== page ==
To make this week even better, I was lucky enough to spend another 25+ hours at the orphanage. I mentioned last week that I was going to work on Beacon House’s blog, and hopefully the posts I wrote will be finished editing soon. It isn’t anything too substantial, but hopefully substantial enough to make the supervisors stop asking me to do something that leaves some grand, monumental impact on everybody’s lives there. Again, I just wanna play and help in the classroom.
On Tuesday night, I was asked to lead a prayer. You can imagine how I reacted to that (If you guessed uncomfortable giggling and declarations of embarrassment, then good job!). Before this happened the kids were read Bible passages about the importance of being honest, so all I could think about at that moment was how disappointed Jesus must be in me. But telling these people that I’m Jewish after all this time just doesn’t seem like something that needs to happen. Instead I’ll let them think of me as a really bad Christian. Definitely the safer choice.
On Thursday, I went through the normal morning routine of playing with the preschool-aged kids and babies and helping in the classroom until lunch. I ventured off during naptime to a restaurant called Luscious Temptations (!!!) to indulge in some Western, Oboruni food. In other words, it was the most expensive meal I’ve had since
coming here. I spent a hefty $12.00 on pizza and passion fruit iced tea, but damn it, I think I’ve earned this “luxurious” meal. I devote so much of my time to these kids, and yeah, I really love it, but sometimes, those kids can be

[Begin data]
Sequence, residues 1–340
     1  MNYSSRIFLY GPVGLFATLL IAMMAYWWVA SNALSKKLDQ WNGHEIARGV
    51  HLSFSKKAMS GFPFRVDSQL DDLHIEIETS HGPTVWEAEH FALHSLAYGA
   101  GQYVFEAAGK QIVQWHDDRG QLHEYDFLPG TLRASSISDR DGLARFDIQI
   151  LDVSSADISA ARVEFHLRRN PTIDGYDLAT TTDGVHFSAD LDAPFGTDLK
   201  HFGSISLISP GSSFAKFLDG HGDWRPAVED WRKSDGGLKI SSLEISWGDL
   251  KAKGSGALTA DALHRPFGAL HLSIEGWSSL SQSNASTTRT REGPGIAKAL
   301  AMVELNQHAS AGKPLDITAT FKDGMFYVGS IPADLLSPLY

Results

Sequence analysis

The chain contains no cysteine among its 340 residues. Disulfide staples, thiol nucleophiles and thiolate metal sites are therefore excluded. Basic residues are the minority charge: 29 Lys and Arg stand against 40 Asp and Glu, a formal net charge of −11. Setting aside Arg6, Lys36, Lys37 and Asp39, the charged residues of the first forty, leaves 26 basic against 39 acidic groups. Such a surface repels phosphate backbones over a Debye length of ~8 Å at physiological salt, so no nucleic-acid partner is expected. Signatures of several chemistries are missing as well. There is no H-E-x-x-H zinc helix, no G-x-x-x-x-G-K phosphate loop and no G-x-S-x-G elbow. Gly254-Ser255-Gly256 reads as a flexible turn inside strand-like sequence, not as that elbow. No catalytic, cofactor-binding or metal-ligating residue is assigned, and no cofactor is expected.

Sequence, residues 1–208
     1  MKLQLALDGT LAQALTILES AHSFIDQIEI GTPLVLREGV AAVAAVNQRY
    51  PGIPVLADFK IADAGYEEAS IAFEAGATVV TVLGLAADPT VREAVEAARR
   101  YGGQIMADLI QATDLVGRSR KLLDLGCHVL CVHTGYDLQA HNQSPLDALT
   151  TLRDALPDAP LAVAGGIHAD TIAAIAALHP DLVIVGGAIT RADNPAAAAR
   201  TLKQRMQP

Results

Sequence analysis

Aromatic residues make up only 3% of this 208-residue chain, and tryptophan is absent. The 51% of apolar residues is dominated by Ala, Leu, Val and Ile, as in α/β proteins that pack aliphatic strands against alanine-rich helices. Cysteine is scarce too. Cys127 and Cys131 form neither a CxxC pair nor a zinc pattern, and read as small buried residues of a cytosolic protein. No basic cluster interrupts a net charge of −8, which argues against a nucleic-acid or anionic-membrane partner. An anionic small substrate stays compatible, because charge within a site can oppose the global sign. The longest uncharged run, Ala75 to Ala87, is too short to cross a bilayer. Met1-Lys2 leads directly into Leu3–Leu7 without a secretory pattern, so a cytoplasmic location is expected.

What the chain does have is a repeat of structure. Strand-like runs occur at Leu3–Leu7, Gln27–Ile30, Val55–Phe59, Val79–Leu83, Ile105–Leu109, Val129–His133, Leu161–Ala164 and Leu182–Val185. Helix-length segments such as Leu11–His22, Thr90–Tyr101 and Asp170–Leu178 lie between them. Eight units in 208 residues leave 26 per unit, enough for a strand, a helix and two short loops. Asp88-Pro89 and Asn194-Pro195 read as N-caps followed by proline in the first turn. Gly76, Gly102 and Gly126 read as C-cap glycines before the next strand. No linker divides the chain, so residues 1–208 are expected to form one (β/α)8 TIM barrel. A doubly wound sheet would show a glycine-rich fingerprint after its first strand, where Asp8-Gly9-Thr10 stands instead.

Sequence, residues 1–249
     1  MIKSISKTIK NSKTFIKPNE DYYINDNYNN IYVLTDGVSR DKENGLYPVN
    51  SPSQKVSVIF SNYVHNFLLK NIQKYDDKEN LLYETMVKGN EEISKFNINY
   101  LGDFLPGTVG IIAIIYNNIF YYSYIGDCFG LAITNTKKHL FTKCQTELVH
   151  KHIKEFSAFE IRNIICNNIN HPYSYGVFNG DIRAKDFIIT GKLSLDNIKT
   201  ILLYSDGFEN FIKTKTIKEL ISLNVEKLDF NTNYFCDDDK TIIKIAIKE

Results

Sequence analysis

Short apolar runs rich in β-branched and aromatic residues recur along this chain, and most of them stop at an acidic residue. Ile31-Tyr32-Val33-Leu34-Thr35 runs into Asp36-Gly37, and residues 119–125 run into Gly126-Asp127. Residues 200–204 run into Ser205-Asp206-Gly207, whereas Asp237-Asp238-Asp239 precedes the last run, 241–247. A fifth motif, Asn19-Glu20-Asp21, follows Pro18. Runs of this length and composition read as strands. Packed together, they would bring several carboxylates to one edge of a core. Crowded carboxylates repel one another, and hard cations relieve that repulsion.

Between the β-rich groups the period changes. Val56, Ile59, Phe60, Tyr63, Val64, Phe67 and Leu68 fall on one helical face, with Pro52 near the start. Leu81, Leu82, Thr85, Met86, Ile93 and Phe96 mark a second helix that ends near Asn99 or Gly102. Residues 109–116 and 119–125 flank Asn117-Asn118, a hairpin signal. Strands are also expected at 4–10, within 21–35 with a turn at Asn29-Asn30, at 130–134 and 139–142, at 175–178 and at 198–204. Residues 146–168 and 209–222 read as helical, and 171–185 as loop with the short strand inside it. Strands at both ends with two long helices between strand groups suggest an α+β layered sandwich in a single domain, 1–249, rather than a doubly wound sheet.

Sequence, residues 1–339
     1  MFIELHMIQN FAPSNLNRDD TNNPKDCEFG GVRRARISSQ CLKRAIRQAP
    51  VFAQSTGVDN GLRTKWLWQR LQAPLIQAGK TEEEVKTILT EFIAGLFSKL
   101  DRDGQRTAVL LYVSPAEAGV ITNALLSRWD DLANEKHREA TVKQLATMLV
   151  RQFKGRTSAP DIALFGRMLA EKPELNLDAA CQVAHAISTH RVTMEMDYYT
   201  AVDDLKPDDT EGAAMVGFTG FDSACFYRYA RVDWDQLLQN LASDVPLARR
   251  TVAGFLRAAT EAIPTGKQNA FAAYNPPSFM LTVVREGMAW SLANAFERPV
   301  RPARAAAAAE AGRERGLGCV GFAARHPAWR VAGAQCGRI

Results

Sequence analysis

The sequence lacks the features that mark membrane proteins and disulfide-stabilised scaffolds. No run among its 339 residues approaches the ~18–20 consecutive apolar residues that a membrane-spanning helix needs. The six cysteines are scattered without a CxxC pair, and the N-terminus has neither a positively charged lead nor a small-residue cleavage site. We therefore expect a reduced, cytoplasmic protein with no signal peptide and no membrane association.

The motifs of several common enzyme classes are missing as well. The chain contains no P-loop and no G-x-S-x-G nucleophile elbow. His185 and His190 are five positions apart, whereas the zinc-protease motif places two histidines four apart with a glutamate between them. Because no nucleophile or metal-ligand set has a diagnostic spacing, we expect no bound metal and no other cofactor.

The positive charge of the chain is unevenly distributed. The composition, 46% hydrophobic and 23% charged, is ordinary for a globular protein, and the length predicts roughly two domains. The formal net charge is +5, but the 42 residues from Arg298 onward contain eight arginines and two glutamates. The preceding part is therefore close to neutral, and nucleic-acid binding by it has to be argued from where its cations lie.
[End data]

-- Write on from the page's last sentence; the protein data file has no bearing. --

a pain in the ass difficult. As Donna from Parks and Recreation would say, Treat Yo Self!
I had 30 minutes to kill in the office before naptime was over so I decided to read…until an unnaturally large cockroach crawled next to me across my bag. I’m not about to stay in the room with that monster with me!
That night right before it was time to watch a movie, the power went out (again). So much chaos ensued, and I couldn’t resist taking a picture of it:
Not everybody was miserable, at least:
Friday’s highlights include me trying to help collapse a baby stroller (does it look like I would know how to do something like that?), reading The Gingerbread Man to the kids, and splurging some more on Chinese Food. My plan is to just starve myself all week so I can afford these 2 days of extravagance.
(WARNING! SEVERE MELODRAMA FOLLOWS)
I’ve already spent over 70 hours at Beacon House, and it’s been beyond amazing, but I think I need to start worrying about how close I’m getting with some of the kids. I’m finding myself falling into similar patterns that forced me to leave the day camp I spent 10 summers at. I mentioned vaguely a few weeks ago why I left, but I guess I can elaborate more now.